Late morning found Harriet sitting on the front porch with the New York Times crossword.  David was always bringing her word puzzles, Sudoku’s, anagrams, mentally stimulating problems to occupy her mind.  He said it would “ . . . keep her sharp.  Unlike . . .  well, you know . . .” (neither David nor Harriet had ever completed this sentence aloud.)  “. . . unlike dad.”    Bradley, once a brilliant marine biologist spent his last few years at Ridgecrest sitting in a wheel chair in the hallway lined up with others of his kind, blindly starring, listlessly drooling onto a cloth napkin that a nurse changed every hour or so.  A man without a memory, without a history,  . . . without a smile.  “I’ll be damned if that’ll happen to me!” shouted Harriet to the roaring surf one October evening shortly after Brad’s memorial service.  Truth was, Harriet felt as if she’d spent the first eighty-five years just like that.  Just sitting silently.  Watching life happen.  Not participating so much as observing.  Harriet Baxter Bailey was a proud woman; proud of her family name, proud of her education, proud of her children.  She’d never been one to stand out in a crowd.  Much too reserved for that.  She more or less lived in the shadow of her family and her husband’s accomplishments; not invisible exactly, but a bit transparent, to be sure.  “From now on, I’m going to say and do as I please” she shouted to the crashing waves.  “Harriet Baxter Bailey is a force to be reckoned with!”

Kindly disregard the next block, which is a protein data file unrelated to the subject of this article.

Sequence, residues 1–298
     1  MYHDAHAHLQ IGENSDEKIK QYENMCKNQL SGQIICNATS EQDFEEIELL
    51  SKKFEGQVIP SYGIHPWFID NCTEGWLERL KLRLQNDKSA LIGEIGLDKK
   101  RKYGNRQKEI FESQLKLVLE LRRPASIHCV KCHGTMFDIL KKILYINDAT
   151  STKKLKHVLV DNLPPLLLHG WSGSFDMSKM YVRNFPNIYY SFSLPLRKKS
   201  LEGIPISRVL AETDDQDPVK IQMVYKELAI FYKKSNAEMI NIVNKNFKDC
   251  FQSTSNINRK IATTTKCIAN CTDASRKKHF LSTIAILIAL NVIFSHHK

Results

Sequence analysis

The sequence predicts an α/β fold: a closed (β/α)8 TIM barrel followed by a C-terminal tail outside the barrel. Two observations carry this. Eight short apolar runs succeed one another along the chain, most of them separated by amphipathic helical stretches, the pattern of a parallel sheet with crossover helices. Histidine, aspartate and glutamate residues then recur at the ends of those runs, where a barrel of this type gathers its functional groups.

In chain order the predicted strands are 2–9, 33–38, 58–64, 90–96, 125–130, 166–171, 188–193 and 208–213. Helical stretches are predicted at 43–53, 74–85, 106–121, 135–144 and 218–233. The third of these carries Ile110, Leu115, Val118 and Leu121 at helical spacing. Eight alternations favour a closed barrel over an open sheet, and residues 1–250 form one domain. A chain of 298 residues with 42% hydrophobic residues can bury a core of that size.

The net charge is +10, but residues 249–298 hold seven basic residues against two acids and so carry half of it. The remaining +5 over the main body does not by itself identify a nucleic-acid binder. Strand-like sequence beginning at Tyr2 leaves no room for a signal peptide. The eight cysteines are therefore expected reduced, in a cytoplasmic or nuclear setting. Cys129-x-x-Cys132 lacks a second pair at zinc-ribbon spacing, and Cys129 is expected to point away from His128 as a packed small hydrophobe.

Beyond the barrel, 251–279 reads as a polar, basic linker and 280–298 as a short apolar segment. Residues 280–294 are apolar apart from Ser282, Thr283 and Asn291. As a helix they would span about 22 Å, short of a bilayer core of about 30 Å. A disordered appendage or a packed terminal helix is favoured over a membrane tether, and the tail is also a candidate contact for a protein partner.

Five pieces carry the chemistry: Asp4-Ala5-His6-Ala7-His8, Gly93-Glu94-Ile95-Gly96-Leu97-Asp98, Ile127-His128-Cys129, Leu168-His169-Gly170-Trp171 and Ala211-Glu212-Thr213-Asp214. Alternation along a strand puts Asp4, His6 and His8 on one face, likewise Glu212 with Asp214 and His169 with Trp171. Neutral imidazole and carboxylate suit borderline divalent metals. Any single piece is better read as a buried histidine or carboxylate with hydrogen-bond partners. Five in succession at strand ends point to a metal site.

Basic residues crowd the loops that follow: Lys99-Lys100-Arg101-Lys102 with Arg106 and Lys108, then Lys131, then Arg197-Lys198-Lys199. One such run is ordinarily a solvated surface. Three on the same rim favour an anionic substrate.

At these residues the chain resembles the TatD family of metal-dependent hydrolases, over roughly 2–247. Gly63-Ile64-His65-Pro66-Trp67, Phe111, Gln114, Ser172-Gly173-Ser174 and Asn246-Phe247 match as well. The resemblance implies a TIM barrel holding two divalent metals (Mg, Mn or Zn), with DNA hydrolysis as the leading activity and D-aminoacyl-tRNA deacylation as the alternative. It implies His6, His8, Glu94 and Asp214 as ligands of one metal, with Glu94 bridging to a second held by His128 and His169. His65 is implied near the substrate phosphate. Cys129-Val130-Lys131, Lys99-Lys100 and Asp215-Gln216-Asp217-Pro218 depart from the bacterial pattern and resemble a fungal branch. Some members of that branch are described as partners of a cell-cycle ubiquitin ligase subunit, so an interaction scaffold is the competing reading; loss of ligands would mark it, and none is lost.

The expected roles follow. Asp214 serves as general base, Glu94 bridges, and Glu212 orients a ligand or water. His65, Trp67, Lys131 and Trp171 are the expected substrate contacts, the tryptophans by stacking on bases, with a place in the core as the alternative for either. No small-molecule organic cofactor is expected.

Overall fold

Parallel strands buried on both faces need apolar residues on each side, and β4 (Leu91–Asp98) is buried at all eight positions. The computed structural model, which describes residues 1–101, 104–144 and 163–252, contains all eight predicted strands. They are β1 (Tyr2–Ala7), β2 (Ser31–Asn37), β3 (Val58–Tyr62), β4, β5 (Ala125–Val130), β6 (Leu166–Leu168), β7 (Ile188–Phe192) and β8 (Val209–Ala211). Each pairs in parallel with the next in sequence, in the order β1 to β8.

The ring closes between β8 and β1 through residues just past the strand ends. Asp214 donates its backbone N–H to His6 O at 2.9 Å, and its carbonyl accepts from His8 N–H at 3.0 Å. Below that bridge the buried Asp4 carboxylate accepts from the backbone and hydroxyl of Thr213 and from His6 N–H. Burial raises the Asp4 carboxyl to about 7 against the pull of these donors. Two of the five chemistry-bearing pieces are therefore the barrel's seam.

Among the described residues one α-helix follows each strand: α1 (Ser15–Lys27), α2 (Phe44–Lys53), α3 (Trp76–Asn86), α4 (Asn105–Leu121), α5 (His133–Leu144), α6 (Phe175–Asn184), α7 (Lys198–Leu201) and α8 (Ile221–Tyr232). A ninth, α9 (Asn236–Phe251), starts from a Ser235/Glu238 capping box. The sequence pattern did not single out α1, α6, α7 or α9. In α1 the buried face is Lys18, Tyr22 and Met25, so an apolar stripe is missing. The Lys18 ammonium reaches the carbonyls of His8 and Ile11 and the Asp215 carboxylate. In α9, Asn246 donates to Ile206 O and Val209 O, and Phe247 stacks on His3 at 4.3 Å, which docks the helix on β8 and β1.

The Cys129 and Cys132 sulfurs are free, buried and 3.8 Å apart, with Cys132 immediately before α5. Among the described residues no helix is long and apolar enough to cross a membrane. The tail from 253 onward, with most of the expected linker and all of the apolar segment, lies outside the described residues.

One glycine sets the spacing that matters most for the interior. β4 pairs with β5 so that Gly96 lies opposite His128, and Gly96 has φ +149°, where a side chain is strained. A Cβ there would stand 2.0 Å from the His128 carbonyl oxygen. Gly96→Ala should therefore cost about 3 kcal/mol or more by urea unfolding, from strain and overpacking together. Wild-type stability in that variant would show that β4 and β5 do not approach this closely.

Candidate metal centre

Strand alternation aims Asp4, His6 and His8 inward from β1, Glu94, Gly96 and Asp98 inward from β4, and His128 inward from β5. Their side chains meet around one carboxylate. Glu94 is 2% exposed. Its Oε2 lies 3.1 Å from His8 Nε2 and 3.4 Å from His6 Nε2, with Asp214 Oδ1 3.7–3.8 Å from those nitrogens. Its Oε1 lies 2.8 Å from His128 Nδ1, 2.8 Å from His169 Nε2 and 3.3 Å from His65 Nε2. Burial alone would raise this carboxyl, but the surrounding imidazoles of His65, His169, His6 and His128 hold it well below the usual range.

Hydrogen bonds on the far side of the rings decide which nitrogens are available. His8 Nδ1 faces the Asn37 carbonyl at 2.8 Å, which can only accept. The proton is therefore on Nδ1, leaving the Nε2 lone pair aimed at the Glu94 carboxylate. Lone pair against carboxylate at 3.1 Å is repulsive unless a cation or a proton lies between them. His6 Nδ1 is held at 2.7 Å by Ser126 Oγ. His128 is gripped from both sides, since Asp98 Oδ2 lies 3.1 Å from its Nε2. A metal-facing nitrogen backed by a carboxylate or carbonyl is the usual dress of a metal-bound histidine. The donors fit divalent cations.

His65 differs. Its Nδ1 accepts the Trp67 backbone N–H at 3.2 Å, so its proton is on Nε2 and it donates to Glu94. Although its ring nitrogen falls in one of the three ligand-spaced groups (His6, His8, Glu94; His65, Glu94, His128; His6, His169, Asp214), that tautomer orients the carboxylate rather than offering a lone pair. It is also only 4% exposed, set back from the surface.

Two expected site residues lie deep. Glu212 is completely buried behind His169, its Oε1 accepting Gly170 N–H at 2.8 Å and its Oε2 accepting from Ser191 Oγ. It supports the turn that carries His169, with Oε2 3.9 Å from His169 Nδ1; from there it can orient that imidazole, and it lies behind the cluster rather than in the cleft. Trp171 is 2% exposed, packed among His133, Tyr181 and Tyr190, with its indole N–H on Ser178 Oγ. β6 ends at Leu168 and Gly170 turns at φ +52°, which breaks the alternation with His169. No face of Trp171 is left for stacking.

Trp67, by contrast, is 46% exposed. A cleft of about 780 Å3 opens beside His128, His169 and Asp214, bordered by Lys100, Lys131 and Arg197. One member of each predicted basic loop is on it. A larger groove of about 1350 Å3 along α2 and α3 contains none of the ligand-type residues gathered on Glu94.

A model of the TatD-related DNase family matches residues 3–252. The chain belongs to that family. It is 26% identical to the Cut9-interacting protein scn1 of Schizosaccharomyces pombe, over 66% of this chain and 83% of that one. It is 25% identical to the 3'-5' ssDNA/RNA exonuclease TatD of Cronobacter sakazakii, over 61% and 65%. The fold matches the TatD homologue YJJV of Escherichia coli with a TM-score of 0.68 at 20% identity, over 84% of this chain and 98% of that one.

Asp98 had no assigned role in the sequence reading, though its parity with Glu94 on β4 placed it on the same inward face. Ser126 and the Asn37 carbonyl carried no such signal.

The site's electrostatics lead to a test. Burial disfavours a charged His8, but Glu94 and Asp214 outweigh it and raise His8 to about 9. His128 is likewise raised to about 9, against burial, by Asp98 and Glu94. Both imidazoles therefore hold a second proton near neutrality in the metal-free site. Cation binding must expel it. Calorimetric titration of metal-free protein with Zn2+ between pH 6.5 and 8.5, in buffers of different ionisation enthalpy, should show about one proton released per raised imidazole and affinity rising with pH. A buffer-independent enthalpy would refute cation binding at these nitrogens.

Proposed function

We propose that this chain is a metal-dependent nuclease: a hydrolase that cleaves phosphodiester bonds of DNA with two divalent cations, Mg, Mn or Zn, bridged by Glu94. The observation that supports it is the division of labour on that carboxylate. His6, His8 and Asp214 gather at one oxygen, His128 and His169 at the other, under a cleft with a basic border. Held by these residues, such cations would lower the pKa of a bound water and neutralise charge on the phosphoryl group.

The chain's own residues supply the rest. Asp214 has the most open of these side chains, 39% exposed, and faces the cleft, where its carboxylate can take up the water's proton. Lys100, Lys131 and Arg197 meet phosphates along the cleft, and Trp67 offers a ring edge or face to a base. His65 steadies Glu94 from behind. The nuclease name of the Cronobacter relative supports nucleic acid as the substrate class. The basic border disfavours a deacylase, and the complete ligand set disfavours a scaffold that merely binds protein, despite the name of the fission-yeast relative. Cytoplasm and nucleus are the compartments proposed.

The changes in Harriet’s life had been instant.  She started painting large abstract canvases.  Bold swipes of color, odd shapes.  Shockingly sensual.  She drove across country alone to visit Brad junior in Chicago, and her daughter Bonnie in Seattle.  Most of her friends felt she was simply over reacting to Bradley’s passing.  “It’ll pass.  These things do,” they promised.  She enrolled in courses at The College of The Atlantic.  That’s what had taken her to Costa Rica.  A thirteen-week course in marine ecology that COA ran out of a rustic facility they maintained there.  She returned as a vegetarian with a deep tan, wearing a bandana, a shell necklace and ankle bracelets.  She propounded herbal remedies and spoke of spiritual matters.  David, though concerned, had to admit his mother seemed happier and more fulfilled than he’d ever seen her.  So what if she believed in the power of some jujube juice, or, some harmless blue stone?